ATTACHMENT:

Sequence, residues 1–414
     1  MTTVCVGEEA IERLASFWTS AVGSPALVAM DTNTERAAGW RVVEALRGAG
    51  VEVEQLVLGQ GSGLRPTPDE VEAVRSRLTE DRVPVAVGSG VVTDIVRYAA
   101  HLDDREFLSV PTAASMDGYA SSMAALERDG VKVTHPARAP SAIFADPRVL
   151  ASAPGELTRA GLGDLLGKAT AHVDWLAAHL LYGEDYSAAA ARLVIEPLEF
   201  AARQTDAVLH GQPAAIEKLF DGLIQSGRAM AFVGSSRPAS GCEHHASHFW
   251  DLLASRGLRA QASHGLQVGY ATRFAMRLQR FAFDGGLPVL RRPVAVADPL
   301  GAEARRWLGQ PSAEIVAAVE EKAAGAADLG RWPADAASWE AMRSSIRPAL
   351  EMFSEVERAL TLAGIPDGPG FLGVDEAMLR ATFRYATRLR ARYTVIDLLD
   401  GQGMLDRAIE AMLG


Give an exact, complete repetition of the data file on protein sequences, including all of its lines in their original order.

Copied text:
Sequence, residues 1–414
     1  MTTVCVGEEA IERLASFWTS AVGSPALVAM DTNTERAAGW RVVEALRGAG
    51  VEVEQLVLGQ GSGLRPTPDE VEAVRSRLTE DRVPVAVGSG VVTDIVRYAA
   101  HLDDREFLSV PTAASMDGYA SSMAALERDG VKVTHPARAP SAIFADPRVL
   151  ASAPGELTRA GLGDLLGKAT AHVDWLAAHL LYGEDYSAAA ARLVIEPLEF
   201  AARQTDAVLH GQPAAIEKLF DGLIQSGRAM AFVGSSRPAS GCEHHASHFW
   251  DLLASRGLRA QASHGLQVGY ATRFAMRLQR FAFDGGLPVL RRPVAVADPL
   301  GAEARRWLGQ PSAEIVAAVE EKAAGAADLG RWPADAASWE AMRSSIRPAL
   351  EMFSEVERAL TLAGIPDGPG FLGVDEAMLR ATFRYATRLR ARYTVIDLLD
   401  GQGMLDRAIE AMLG